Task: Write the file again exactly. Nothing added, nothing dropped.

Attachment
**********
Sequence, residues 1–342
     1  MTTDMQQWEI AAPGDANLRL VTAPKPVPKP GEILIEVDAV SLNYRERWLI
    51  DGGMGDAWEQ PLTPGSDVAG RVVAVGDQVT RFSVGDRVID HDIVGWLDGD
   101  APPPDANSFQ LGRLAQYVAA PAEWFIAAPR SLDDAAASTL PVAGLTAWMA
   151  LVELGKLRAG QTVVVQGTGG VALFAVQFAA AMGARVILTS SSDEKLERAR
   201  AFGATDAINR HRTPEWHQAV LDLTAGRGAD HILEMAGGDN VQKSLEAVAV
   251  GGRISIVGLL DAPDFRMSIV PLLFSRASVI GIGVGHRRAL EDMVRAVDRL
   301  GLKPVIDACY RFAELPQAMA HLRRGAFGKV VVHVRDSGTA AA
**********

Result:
Sequence, residues 1–342
     1  MTTDMQQWEI AAPGDANLRL VTAPKPVPKP GEILIEVDAV SLNYRERWLI
    51  DGGMGDAWEQ PLTPGSDVAG RVVAVGDQVT RFSVGDRVID HDIVGWLDGD
   101  APPPDANSFQ LGRLAQYVAA PAEWFIAAPR SLDDAAASTL PVAGLTAWMA
   151  LVELGKLRAG QTVVVQGTGG VALFAVQFAA AMGARVILTS SSDEKLERAR
   201  AFGATDAINR HRTPEWHQAV LDLTAGRGAD HILEMAGGDN VQKSLEAVAV
   251  GGRISIVGLL DAPDFRMSIV PLLFSRASVI GIGVGHRRAL EDMVRAVDRL
   301  GLKPVIDACY RFAELPQAMA HLRRGAFGKV VVHVRDSGTA AA